TechNighttime light exposure linked to increased stroke risk, study finds

Nighttime light exposure linked to increased stroke risk, study finds

Light bulbs in the apartment
Light bulbs in the apartment
Images source: © Freepik | kukota ekaterina
4:22 PM EDT, March 27, 2024

Research reveals that exposure to bright artificial light at night might increase the risk of stroke and other cerebrovascular diseases, according to the latest findings published in the "Stroke" journal.

A study led by scientists from Zhejiang University in China, involving nearly 30,000 participants, has shown that intense nighttime light exposure correlates with a heightened risk of serious cerebrovascular incidents. The study also highlights that air pollution may have similar adverse health effects.

While bright outdoor lighting enhances visibility and safety at night, the researchers argue that the current extent of such lighting is excessive. This overuse has led to about 80% of the global population living in areas affected by light pollution, with potential negative impacts on human health.

Can light cause diseases?

Past research has linked artificial nighttime light exposure with the development of cardiovascular diseases. It's now emerging that light pollution could also harm brain health.

Dr. Jian-Bing Wang, a contributing author, notes, "Significant strides have been made in reducing traditional cardiovascular risk factors, such as smoking, obesity, and type 2 diabetes. Yet, environmental factors must also be considered in our ongoing efforts to lower the worldwide disease burden."

The dangers of overly bright light

In a comprehensive review covering over 28,000 adults in China, Dr. Wang and his colleagues mapped light pollution using satellite imagery to assess exposure to outdoor nighttime light. They then correlated this data with hospital and death records of stroke cases over a six-year period. The artificial lighting types included in the study were fluorescent, incandescent, and LED.

The findings revealed that, during the study period, 1,278 participants developed cerebrovascular diseases, including 777 ischemic strokes and 133 hemorrhagic strokes. Individuals most exposed to nighttime lights had a 43% higher risk of cerebrovascular disease than those with minimal exposure.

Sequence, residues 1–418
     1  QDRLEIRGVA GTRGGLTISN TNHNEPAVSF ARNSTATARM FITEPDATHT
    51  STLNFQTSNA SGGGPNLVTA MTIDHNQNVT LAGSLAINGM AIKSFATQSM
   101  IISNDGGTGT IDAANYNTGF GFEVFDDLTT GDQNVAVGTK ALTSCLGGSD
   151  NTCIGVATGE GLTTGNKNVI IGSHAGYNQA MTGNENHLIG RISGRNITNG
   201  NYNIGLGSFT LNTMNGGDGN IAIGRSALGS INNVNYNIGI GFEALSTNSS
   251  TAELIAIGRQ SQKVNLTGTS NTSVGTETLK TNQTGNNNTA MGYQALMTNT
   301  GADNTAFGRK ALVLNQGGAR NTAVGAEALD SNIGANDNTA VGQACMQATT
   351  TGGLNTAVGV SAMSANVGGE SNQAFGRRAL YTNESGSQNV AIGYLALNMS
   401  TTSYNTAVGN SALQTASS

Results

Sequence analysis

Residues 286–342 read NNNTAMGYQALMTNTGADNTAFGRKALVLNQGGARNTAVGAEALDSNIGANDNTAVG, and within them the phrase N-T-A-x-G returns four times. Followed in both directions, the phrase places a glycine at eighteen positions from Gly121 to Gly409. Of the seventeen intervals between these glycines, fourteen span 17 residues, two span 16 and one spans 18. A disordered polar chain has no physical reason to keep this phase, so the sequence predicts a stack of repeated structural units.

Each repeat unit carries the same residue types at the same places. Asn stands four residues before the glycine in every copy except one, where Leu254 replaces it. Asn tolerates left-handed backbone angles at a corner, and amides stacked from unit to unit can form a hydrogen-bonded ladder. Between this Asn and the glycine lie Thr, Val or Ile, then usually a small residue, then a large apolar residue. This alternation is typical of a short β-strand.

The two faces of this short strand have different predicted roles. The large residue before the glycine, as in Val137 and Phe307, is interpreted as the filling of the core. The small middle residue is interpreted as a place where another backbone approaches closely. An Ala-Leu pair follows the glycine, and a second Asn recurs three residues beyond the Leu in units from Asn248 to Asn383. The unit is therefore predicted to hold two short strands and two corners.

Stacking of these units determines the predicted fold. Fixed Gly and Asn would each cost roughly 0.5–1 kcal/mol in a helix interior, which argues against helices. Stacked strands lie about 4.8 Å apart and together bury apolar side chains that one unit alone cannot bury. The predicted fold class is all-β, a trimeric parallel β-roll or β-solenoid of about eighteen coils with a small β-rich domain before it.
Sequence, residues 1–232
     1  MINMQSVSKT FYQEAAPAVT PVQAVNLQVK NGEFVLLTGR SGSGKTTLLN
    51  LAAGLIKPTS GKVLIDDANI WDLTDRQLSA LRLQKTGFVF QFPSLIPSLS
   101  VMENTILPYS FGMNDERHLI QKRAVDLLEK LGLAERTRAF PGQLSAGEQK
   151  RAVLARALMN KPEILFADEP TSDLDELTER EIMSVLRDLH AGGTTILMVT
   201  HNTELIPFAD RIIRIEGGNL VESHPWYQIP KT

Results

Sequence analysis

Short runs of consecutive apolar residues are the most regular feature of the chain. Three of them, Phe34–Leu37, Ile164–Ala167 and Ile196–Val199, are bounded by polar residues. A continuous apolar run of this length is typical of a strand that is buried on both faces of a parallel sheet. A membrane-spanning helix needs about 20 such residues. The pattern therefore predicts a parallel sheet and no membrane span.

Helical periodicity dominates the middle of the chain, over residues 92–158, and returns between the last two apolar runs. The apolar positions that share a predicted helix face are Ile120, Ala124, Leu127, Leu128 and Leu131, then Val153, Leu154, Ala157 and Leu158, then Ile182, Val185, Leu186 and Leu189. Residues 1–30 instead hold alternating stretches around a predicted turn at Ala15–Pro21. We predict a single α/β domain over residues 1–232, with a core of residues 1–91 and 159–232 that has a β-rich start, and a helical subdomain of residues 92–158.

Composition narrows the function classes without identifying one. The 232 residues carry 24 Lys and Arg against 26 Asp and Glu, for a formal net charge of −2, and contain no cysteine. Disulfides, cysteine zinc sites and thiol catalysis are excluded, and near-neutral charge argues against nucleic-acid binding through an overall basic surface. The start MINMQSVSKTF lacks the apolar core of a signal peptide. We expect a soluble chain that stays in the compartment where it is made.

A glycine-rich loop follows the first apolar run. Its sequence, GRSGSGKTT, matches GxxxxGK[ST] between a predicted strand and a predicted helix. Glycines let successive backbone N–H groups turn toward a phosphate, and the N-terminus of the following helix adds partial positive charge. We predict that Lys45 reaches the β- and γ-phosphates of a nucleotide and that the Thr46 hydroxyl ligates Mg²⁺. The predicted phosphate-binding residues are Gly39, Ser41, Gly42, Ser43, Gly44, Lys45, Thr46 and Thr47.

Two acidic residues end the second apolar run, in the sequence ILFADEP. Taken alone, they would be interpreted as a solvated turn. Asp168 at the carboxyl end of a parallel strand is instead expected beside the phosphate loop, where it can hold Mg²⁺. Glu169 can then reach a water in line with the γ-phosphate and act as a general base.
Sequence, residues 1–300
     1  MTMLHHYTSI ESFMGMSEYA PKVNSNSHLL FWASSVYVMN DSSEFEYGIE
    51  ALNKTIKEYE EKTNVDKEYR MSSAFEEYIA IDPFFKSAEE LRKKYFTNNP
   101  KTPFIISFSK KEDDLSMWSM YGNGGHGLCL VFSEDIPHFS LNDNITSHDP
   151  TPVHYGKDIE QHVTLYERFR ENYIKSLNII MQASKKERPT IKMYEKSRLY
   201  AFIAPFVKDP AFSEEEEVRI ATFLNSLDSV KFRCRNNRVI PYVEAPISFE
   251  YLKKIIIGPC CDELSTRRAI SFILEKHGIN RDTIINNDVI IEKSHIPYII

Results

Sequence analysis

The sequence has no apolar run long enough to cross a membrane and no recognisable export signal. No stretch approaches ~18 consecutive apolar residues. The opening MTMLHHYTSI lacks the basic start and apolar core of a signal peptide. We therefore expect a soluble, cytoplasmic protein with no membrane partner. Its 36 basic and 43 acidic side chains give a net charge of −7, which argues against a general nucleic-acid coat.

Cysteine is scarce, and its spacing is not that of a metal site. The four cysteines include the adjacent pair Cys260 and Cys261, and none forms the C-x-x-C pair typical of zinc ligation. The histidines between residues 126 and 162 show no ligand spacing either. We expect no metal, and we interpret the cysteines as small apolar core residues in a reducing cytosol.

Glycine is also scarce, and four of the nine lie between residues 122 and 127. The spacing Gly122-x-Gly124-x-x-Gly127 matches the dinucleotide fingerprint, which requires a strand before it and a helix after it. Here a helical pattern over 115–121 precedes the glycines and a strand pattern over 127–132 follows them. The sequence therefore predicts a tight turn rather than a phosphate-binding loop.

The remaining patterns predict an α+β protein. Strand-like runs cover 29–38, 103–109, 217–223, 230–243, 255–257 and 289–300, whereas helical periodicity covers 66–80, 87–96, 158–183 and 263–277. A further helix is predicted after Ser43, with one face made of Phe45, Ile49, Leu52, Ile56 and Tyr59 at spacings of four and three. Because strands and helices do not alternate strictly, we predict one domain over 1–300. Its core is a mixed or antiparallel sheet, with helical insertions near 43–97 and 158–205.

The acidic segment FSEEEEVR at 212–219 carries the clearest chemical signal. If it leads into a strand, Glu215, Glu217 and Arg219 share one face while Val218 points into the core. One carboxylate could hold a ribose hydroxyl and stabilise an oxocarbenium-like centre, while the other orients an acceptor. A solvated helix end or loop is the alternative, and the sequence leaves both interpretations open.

Light pollution as harmful as airborne dust

The study also discovered that high exposure to fine particulate matter PM2.5, mainly from combustion sources like gasoline, diesel, or wood, carried a 41% greater risk of cerebrovascular events. PM10 particles, generally originating from dust and smoke, increased the stroke risk by 50%.

Meanwhile, those most exposed to nitrogen oxide faced a 31% higher risk of cerebrovascular disease compared to the least exposed participants.

"Our findings indicate that excessive nighttime light exposure outdoors may be a risk factor for cerebrovascular diseases," Dr. Wang remarks. "Thus, we recommend that people, especially those in urban areas, minimize their exposure to safeguard against its potentially harmful effects."

The authors explain the potential mechanism behind their findings: constant exposure to bright nighttime light suppresses melatonin production, a sleep-promoting hormone, disrupting the body's circadian rhythm and leading to sleep disorders. Extensive research has documented that poor sleep quality can significantly worsen cardiovascular health over time.

"To reduce the disease burden from environmental factors like light and air pollution, more effective regulations and preventive strategies are urgently needed, particularly for individuals residing in densely populated and polluted regions," Dr. Wang concludes.

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